PETALING JAYA: The number of unsold completed residential units – including serviced apartments and small office, home offices (SoHos) – totalled 34,532 worth RM22.26bil for the first quarter of this year, the National Property Information Centre said in its latest report on Property Overhang Q1 2018.
These are cumulative figures from previous years.
This represents an increase of 55.72% in the number of unsold units compared to a year ago, when unsold units totalled 22,175, inclusive of serviced apartments and SoHos, which are built on land zoned as commercial but have a residential element to them.
In ringgit value, this represents a rise of 67.82%, from RM13.27bil a year ago to RM22.26bil as at March 31, 2018. Excluding serviced apartments/SoHos, about a third of all residential units in their respective price segments remained unsold.
Most of the units launched were priced between RM500,000 and RM1mil, of which a third remained unsold.
Those priced between RM300,000 and RM400,000 also saw 33% of the launched units being left on the shelf.
For the first quarter of this year, the number of SoHos and serviced apartments numbered about 48,000, with about 25,000 units located in Johor alone.
Although serviced apartments and SoHos are not found in Kedah and the east coast states, Kelantan, Kedah and Terengganu have the largest number of unsold residential units at 48.08%, 48.20% and 44.20%, respectively.
Ironically, the states with the largest number of serviced apartments and SoHos – Johor, Kuala Lumpur and Selangor – have unsold stock of 29.12%, 13.53% and 17.86%, respectively. Penang has unsold stock of 33.12%.
Increasingly, Melaka is building more serviced apartments, with 1,520 units launched in the first quarter of this year, of which only 130 units were unsold.
PPC International managing director Datuk Siders Sittampalam said the overhang in Malaysia was due to two factors – unaffordable property prices and locations that were less-than-ideal.
“You can’t say there is no demand, because there is latent demand. But one reason for the overhang is because prices of these units are just too high.”
He said the various cooling measures implemented by Bank Negara made it difficult for potential homebuyers to secure financing to purchase property.
“Unless the financing regime changes, this (the overhang situation) will continue,” he said.
Other than high house prices, Siders noted that some properties may not be sold due to poor or limited accessibility.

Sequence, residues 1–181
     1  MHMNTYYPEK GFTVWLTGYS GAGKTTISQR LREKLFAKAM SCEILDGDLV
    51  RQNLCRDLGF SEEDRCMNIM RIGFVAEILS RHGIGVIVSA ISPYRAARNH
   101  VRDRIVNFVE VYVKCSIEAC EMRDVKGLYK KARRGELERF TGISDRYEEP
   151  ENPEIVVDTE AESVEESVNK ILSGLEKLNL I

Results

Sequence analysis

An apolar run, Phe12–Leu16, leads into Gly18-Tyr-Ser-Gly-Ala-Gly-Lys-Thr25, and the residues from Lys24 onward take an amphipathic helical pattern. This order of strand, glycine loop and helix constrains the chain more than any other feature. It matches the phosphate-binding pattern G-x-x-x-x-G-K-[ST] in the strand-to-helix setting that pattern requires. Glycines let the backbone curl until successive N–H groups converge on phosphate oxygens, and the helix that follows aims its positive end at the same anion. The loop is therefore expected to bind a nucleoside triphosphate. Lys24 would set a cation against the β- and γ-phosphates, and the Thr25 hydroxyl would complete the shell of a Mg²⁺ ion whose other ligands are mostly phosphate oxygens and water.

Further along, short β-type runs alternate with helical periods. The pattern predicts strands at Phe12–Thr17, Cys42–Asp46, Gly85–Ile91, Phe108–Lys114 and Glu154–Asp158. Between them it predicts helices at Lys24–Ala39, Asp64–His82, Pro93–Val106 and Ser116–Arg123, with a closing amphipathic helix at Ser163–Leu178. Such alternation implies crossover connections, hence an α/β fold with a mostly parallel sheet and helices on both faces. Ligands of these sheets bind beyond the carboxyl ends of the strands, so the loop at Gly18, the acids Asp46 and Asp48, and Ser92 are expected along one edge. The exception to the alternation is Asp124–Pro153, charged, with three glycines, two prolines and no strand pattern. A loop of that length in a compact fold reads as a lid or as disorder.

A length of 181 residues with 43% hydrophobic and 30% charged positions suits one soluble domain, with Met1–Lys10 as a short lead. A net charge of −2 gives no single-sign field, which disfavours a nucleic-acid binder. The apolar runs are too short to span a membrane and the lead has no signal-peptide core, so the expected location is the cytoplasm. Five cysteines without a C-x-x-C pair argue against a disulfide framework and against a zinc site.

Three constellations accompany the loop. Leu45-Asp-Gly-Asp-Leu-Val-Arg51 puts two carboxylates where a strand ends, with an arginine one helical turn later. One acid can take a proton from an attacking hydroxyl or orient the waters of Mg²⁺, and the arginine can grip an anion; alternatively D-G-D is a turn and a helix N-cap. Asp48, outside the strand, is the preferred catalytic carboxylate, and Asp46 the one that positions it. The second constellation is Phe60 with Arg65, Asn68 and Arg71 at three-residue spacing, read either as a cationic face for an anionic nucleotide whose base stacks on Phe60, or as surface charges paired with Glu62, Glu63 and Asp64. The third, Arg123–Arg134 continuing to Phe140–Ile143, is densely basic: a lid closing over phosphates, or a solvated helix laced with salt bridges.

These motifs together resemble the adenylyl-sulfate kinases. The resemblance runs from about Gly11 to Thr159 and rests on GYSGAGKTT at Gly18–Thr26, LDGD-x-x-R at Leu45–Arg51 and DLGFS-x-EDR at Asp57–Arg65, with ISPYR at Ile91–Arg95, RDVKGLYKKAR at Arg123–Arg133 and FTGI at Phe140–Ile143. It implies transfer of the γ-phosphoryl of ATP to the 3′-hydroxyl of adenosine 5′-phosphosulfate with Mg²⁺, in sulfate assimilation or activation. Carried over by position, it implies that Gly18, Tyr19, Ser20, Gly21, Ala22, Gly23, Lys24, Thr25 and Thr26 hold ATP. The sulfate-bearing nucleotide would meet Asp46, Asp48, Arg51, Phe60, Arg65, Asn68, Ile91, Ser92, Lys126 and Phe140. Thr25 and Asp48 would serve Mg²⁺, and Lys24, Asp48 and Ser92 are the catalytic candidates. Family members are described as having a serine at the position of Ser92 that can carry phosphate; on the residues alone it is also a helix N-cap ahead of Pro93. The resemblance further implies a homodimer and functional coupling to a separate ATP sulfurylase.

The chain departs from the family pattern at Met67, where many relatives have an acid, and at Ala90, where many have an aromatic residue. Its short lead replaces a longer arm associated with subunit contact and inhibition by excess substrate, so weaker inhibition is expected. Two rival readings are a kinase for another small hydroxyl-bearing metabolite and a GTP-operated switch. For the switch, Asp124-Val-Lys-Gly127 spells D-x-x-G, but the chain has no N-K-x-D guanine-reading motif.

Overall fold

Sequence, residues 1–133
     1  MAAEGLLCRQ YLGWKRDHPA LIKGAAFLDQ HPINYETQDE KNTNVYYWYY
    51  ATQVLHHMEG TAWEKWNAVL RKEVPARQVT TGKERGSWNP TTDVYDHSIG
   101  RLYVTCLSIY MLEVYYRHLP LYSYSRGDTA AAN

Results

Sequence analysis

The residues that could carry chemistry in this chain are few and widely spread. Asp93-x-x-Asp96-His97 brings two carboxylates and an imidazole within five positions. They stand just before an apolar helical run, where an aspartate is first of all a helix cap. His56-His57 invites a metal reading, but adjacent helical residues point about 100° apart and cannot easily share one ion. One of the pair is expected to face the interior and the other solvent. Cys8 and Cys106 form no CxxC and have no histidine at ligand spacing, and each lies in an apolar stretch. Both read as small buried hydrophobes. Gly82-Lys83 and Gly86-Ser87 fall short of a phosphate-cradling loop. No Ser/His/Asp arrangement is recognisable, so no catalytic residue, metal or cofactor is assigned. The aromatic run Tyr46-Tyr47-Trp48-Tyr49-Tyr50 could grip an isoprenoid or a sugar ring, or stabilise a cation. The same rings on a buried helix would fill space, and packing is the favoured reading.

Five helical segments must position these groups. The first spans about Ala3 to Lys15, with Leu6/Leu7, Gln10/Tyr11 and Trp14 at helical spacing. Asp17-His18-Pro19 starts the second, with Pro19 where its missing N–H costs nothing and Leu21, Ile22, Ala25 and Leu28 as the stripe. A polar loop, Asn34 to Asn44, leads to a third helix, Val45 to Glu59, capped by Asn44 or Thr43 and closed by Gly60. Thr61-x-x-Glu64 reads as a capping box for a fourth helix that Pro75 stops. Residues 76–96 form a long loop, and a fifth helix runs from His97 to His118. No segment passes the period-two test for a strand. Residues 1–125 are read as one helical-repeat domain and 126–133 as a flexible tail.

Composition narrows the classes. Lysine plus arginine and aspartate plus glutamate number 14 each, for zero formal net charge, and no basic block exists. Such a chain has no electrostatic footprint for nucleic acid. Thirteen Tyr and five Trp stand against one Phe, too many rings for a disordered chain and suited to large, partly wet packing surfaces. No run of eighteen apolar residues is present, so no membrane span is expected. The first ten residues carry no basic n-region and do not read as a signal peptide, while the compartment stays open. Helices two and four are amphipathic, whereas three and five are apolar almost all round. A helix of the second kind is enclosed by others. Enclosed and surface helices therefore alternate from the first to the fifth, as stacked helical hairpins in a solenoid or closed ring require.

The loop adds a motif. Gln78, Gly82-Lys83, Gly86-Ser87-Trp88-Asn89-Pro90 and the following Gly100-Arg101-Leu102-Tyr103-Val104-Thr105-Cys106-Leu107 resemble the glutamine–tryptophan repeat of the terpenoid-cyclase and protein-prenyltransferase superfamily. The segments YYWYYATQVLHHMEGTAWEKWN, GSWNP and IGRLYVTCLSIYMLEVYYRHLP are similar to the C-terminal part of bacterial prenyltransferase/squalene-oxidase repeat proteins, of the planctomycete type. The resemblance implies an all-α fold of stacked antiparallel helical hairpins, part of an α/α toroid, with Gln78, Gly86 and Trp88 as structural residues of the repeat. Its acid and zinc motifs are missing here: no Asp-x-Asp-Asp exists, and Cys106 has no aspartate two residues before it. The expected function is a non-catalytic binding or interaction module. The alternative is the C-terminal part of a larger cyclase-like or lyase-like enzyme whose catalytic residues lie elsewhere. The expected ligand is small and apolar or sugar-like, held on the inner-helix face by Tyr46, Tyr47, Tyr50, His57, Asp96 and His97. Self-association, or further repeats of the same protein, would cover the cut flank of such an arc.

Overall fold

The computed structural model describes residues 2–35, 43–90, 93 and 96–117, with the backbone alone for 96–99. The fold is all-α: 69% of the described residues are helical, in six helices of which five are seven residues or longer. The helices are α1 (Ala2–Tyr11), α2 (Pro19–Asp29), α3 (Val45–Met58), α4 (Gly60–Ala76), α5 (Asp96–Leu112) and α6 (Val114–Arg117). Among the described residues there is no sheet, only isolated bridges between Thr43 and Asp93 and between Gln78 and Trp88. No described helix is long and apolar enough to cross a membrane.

“Some properties may be built in less-than-ideal locations – they may be too far away to live in or may not have the suitable amenities like proper public transport.
“We can talk of economic factors improving but nothing will change unless these two (affordability and accessibility) factors improve.”
Knight Frank Malaysia managing director Sarkunan Subramaniam said while the overhang situation in the country was high, “it wasn’t at alarming levels.”
“Alarming is when you see abandoned projects or developers going bust. So, the situation is not alarming – but affirmative action needs to be taken.”
He said improvement in the economy would help spur the local property market.
“With the level of transparency being shown by the Pakatan Harapan government, we will see more confidence in the economy. By next year, the overhang situation should reduce.”
Sarkunan said now would be a good time for the central bank to make adjustments to the lending policies.
“The non-performing loan rates ... they haven’t increased by much. People are still holding on to their assets and that is a good sign.”
Sarkunan is also hopeful that the new government would implement clearer policies to help bolster affordable housing developments in the country.
“Under the previous government, there was no clear direction in terms of housing policies, except for affordable housing. Developers did their best to make the sales happen,” he said.
Last November, Bank Negara said the number of unsold residential properties was at a decade high, with a majority of the units in the RM250,000-and-above price range.
However, in spite of large numbers of unsold units, some industry experts still believe that the residential property market is facing an undersupply.
At the 11th Malaysian Property Summit 2018 in January, CBRE|WTW managing director Foo Gee Jen observed that a mismatch of price, location and products had led to this conundrum.
“Based on the population growth rate of 1.3% of 32 million people as of 2016, the annual growth is around 390,000. Based on the average household of four people, we need about 97,500 units per year.
“But annual completions are only at 78,216 units,” Foo said at the summit.
According to him, Bank Negara estimates that average Malaysians can afford houses priced RM250,000 and below.
“But 78.7% of new launches in the first half of 2017 were priced beyond RM250,000,” he said, adding that almost half of the launches (49.8%) comprised units priced over RM400,000, and 25.4% of them were above RM500,000.
The main concerns are distribution of household incomes and distribution of houses in the market, which have contributed to the high overhang.
According to the Valuation and Property Services Department market report, residential property continued to support the overall sector with a 62.4% market share, followed by agriculture property with a 22.5% share.
The residential property market recorded 194,684 transactions worth RM68.47bil in 2017, 4.1% lower in volume compared with 2016. It rose marginally in value terms by 4.4%.
Demand was seen in units priced RM200,000 and below, which accounted for nearly 45% of the residential market volume in 2017.
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